Teicholz showed how governments around the world undertook randomised control clinical trials (RCTS) on the diet-heart hypothesis throughout the 1960s and 1970s. They used foods high in vegetable oils, such as margarine and soy-filled milk.

A previous expert witness for Noakes, British obesity research Dr Zoe Harcombe, reviewed much of those studies during her evidence-in-chief.  So Teicholz did not go into those  in detail. She referred briefly to research that included the Finnish Mental Health study that lasted for 12 years and studies the US National Institutes of Health (NIH) funded. Among these are the LA Veterans Study, the Minnesota Coronary Survey, and the MrFit Trial, as it is known.

The NIH alone spent billions of dollars on studies, trying – and failing – to prove Keys’ hypothesis, she said. These trials were “remarkably special” as they were highly controlled, in-patient environments where all meals were served.

Additionally, almost all these studies had “hard endpoints.” This means they had “indisputable outcomes,”  such as  death, which  “ cannot be contested”.  The diagnosis of a heart attack is another end point but “a little more disputable”, she said.

Pure, White and DeadlyMany studies today use far less reliable “intermediary endpoints”. These include lipid markers such as LDL-C (low-density lipoprotein cholesterol) and HDL-C (high-density lipoprotein cholesterol). There is “quite a lot of dispute” over those, Teicholz said, in terms of which best predicts heart-attack risk.

Altogether, the trials on the diet-heart hypothesis included more than 75 000 subjects, mostly men but some women. They did show that restricting saturated fats reduced total cholesterol. However, there was no impact on the ultimate outcome – whether or not people died of a heart attack, she said.

In recent years, researchers around the world have gone back and looked at this data. There are now more than a dozen meta-analyses and systematic reviews published, Teicholz said. Nearly all have concluded that  saturated fat and dietary cholesterol do not cause death from heart disease.

Low-fat diets are consistently shown to lower HDL-C (so-called “good cholesterol”). That means they actually  increase the risk of heart disease.

Some official bodies are taking notice, Teicholz said. The  Canadian Heart and  Stroke Foundation (CHSF) – the equivalent of the AHA in the US and the Heart and Stroke Foundation of South Africa –  has re-evaluated the data. In 2015, the CHSF lifted the cap (as a percentage of calories) on saturated fats, Teicholz said.

Although few people are aware of it, the US Dietary Guidelines for Americans also no longer recommend a low-fat diet, precisely because of compelling evidence that it causes heart disease, she said. But it’s also because clinical trials on more than 52,000 people show a low-fat diet to be “ineffective in fighting any other kind of chronic disease”.

Teicholz presented disturbing evidence to show that by 1981, for example, nearly 12 sizeable studies on humans found a link between lowering cholesterol and cancer. That was principally for colon cancer. Other research linked vegetable oil diets with an increased risk of lung cancer.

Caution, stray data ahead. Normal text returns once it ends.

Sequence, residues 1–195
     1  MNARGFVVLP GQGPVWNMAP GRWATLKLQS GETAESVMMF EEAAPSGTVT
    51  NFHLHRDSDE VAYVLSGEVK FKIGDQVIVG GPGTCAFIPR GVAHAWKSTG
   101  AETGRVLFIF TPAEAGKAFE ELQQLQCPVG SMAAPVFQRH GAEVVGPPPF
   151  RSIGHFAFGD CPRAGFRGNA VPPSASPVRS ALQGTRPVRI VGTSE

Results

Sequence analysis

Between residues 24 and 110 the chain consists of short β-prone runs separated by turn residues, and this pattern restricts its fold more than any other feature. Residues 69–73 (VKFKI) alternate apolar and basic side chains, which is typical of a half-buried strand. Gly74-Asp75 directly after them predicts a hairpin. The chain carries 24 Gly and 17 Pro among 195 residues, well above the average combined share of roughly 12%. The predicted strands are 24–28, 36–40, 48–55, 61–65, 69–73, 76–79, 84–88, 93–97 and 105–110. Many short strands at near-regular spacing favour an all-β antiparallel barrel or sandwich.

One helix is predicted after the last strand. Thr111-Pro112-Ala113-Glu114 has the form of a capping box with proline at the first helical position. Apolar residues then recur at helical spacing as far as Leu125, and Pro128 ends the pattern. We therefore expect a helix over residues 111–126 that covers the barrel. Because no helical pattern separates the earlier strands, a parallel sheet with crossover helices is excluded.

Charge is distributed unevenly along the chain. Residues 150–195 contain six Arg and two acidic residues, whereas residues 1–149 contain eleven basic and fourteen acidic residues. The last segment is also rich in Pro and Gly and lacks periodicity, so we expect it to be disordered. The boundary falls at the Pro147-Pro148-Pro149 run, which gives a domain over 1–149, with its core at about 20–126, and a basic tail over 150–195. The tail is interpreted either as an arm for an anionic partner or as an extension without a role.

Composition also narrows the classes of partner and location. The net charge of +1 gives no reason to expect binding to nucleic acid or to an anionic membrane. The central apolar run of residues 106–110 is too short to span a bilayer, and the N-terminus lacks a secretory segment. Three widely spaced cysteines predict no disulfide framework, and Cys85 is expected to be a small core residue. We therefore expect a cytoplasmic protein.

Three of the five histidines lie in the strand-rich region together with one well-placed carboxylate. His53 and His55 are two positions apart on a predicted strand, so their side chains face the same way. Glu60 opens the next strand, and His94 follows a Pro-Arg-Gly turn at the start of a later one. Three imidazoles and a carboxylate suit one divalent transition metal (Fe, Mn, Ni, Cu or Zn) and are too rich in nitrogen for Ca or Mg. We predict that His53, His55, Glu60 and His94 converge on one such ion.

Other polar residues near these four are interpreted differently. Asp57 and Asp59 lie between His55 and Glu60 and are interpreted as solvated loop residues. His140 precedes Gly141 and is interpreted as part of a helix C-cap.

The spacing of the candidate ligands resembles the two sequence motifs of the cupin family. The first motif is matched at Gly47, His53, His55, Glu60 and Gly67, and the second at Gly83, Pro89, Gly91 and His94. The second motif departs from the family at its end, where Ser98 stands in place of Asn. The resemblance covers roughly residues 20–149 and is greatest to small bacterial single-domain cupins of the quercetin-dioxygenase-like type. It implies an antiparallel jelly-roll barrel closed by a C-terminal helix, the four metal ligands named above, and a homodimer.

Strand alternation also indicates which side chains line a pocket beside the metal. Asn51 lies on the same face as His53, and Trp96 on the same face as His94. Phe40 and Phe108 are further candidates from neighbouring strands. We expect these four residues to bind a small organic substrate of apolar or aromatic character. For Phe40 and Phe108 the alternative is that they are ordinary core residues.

Prof Tim Noakes

Prof Tim Noakes

Teicholz  cited an analysis Noakes has done of the US Women’s Health Initiative  (WHI) study on nearly 49 000 women over seven years. His study found that those women  with the least insulin resistance at the start of the trial actually had a greater risk of developing type 2 diabetes if they were eating the low-fat diet, compared to the control diet.

The low-fat diet also worsened glucose control in women with diagnosed diabetes.

Both these markers imply that the low-fat diet increased the risk for diabetes, compared to the control group eating a higher-fat diet, she said. WHI authors concluded that health professionals should exercise caution in advising women with diabetes to reduce dietary fat “unless accompanied by additional recommendations to guide carbohydrate intake”.

In other words, said Teicholz, the advice was that “women should be careful about eating so many carbs because a low-fat diet was, by definition, a high-carb diet”.

Teicholz told the hearing: “Thus, it’s fair to say that many RCTs on the diet-heart hypothesis found no evidence of benefit and some evidence of harm.”

The diet-heart hypothesis has been  “the most tested hypothesis in the history of nutrition and disease”, she said. “And the results were null.”

She presented the competing carbohydrate-insulin hypothesis of obesity. Evidence to support it includes;

  • More than 74 randomised controlled trials, virtually all on Western populations
  • At least 32 trials of low-carb diets have lasted six months or longer
  • Three lasted two years (the gold standard) to see any adverse side effects.

These trials have established that low-carb diets are safe, she said. They have also established efficacy for fighting obesity, diabetes, and heart disease (improves nearly all CVD risk factors).